Colour of the Game (黑白迷宫) Movie Review | by Peps Goh
Recommended Audience: Fans of Simon Yam 任达华, Jordan Chan 陈小春, Philip Ng 伍允龙, Sabrina Qiu 邱璐璠, Cheung Siu-Fai 张兆辉, Lam Suet 林雪, Waise Lee 李子雄, Kam Ka Wai 阚家伟 and action/ Hong Kong movie fans
Colour of the Game (黑白迷宫) Movie Review Movie Synopsis
Hong Kong has entered its darkest era. Gambler Wallace (Simon Yam) and his protégé Sky (Philip Ng) are ordered by their gang leader, Slaughter, to murder Robert, the son of mob boss Nigel. In order to fulfill the mission, Wallace puts together a team consisting of Sky; space racer Lily (Sabrina Qiu); explosive expert BBQ (Cheung Siu-Fai); boxing champion Tyson (Jordan Chan), and the up-and-coming star of the mob, Superman. As the members begin to suspect there are moles within the team, the trust among them is destroyed. Wallace gradually realises that a huge conspiracy hides behind the mission.
Colour of the Game (黑白迷宫) Movie Review Viewer Rating: 3.75/5 ****
Colour of the Game (黑白迷宫) Movie Review Movie Review:
I have quite a number of thoughts regarding this film. Let me start by saying that I really did enjoy the film, a throwback to the 80s and 90s Hong Kong ganster flicks, this is a really fun piece to watch.
That being said, Colour Of The Game does have some shortcomings. It is largely a film that chooses style over substance. And many people misuse that phrase, masking preference as almost quoting a rule of film-making of sorts. That isn’t what I mean when I use that phrase here. There certainly are films that are all styles, and in doing it unabashedly, those pieces are masterpieces in their own right. But this film tries to juggle it both and falls a little short in the substance end.
There are themes that are being hinted at, themes like the blurring lines between the black and white of law and criminals, of law and morals. And that idea is mixed both in the wardrobe choices and the color-grading towards the end, and even into the title of the film itself.
Another would be the theme of getting lost along the way in life when pursuing one’s purpose and goals and what we thought are right and what is wrong, and all that also presented visually as the maze in the climatic act, and both opening and closing scenes. That of which is also included into the mandarin title of the film.
All that are really cool ideas, ideas that ultimately failed to carry across to the audience in any sort of depth enough to really hit the spot. The concept was great, but the execution was lacking.
Another contributing factor would be that the protagonist wasn’t given enough time to establish character and create a rapport with the viewers. That’s quite a bit of bashing. But all those points aside, there are also equally as many things that I love about this film.
First up, this film is just really fun to watch. It is brazen in it’s attempt to be cool. Completely unapologetic and audaciously cool. From their charismatic and suave characters, to their pacing and editing, to their plot and the fashion. They really brought back “90s cool” all refurbished and revamped.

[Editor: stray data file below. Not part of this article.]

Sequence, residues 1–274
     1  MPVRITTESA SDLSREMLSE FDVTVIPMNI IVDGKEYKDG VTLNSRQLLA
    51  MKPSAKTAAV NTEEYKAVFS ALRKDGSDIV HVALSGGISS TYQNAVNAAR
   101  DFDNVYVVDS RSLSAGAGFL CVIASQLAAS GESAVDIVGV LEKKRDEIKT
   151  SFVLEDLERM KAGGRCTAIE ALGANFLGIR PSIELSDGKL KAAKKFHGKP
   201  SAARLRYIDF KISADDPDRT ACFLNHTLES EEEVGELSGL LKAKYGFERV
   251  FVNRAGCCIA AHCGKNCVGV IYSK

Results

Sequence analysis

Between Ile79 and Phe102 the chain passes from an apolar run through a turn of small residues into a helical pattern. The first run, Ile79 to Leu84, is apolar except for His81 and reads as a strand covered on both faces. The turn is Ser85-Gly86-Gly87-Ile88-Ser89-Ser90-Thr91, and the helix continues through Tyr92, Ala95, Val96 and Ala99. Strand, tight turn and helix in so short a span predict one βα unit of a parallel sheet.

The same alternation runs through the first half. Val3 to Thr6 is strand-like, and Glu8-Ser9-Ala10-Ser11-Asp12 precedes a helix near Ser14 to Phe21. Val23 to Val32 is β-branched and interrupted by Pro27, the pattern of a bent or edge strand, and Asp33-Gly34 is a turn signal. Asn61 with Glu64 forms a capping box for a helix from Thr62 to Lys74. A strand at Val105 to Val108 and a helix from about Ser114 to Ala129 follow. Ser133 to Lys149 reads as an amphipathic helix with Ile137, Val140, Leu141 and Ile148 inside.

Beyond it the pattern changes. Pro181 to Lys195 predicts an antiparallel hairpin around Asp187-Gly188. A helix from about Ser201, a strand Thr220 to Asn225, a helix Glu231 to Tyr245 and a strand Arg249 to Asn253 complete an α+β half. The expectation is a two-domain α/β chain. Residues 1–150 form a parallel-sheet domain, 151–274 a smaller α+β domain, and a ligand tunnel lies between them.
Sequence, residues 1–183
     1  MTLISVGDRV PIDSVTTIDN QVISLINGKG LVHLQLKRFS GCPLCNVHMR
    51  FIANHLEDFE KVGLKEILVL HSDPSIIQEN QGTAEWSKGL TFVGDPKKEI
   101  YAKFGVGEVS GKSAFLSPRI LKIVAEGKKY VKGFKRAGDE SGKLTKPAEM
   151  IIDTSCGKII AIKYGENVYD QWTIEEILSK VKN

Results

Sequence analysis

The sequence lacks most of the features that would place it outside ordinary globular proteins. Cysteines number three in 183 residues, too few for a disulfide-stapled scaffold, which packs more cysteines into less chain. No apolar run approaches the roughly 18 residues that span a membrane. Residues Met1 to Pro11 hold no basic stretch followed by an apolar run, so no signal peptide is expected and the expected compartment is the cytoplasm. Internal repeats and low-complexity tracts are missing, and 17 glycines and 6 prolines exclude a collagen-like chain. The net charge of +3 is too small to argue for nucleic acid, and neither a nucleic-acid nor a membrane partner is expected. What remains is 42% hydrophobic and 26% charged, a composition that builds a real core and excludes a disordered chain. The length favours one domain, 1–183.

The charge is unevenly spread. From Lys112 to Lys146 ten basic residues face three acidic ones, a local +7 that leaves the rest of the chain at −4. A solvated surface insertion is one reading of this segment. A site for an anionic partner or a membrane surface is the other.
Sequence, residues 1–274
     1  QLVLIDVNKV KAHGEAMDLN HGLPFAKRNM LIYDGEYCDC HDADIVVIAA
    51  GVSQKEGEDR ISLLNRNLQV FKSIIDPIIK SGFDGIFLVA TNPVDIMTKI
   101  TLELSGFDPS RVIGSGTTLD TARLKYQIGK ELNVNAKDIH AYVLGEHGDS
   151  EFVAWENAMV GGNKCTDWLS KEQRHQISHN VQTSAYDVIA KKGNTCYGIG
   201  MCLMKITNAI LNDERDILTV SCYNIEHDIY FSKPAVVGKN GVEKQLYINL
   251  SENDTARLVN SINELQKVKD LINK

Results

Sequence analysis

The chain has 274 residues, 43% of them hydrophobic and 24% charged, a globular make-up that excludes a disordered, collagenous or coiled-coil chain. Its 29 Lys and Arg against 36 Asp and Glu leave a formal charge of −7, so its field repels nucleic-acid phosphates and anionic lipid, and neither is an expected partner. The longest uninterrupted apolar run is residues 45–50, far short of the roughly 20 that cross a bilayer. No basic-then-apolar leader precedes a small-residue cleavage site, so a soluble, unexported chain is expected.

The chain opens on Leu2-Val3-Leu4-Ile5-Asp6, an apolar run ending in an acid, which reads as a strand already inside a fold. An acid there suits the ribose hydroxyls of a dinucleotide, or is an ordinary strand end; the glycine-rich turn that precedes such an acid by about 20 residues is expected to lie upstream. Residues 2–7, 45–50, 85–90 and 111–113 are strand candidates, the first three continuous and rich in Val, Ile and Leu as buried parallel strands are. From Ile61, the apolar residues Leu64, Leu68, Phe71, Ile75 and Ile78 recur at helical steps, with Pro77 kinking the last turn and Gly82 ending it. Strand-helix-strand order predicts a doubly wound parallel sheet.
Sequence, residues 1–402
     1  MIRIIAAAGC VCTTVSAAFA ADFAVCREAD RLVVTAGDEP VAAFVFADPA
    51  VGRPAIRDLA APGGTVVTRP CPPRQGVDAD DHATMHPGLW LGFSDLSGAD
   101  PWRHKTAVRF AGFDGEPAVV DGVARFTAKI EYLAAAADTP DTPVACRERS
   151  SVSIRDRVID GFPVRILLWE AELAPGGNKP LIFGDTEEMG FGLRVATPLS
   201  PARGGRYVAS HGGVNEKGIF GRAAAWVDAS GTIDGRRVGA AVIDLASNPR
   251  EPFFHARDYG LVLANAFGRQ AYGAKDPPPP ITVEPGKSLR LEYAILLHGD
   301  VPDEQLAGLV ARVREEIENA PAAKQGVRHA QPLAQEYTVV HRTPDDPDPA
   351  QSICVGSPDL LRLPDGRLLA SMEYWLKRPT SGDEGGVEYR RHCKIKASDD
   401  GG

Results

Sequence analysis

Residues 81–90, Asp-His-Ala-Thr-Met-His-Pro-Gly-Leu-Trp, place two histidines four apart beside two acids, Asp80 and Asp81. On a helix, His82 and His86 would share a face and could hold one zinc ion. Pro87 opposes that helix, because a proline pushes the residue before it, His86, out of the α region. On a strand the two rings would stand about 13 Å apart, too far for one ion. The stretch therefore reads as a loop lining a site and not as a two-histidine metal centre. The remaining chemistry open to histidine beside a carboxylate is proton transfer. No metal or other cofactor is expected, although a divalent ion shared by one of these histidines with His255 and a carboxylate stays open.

And that’s another thing that I love about the film. It feels like the bringing back of the old guards of Hong Kong police and triad cinema, and a passing of a baton to the new blood. All in a tangy upbeat and suave, wham bam thank you ma’am fashion.
My oh my, am I happy for Philip Ng. I have been a fan of his work since his appearance in House Of Fury way back in 2005. And after his performance in “Once Upon A Time In Shanghai”, I had really high hopes for him. And after his performance as Bruce Lee took fire from the masses, I was worried it would put a halt to his career. Thank goodness it didn’t.
He is a charismatic man on screen and an excellent performer. And now taking on the helm of Action Choreographer as well, I must say that I really did enjoy his work on that final fight. It’s flavour and hard-hitting choreography delivered the pain all the way from screen to the back of the theatre wall. Man was that real enjoyable to watch. I’m buzzing with excitement in my couch now, just anticipating his future work to come.
Lam Suet, a familiar face in most Hong Kong flicks, has a small but memorable role as the messenger in this film. Tiffany loves the confrontation scene between him and the rest of the gang. It was so well-paced that the audience could feel the both pressure and comedy, a mixture of emotions where we didn’t know whether to pity him or not. It’s one of the rare moments where tension was brilliantly brought out without the use of any violence.
All in all, despite all it’s flaws, Colour Of The Game really does have it’s charms and merits. Applause all around for the people whom had worked on it, that I don’t doubt, definitely had a hell lot of fun working on this project, at least as much as I had fun watching it.
Do You Know?
“Colour of the Game” is iQIYI and Wong Jing’s second collaboration film. The first was iGirl (我的极品女神) . At the same time, this is the third film of his “Colour” trilogy, with “Colour of the Truth” (黑白森林) and “Colour of the Loyalty” (黑白战场) being the first and second film.
Behind The Scenes and Interviews
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Colour of the Game (黑白迷宫) Movie Review is out in cinemas on 7 September 2017.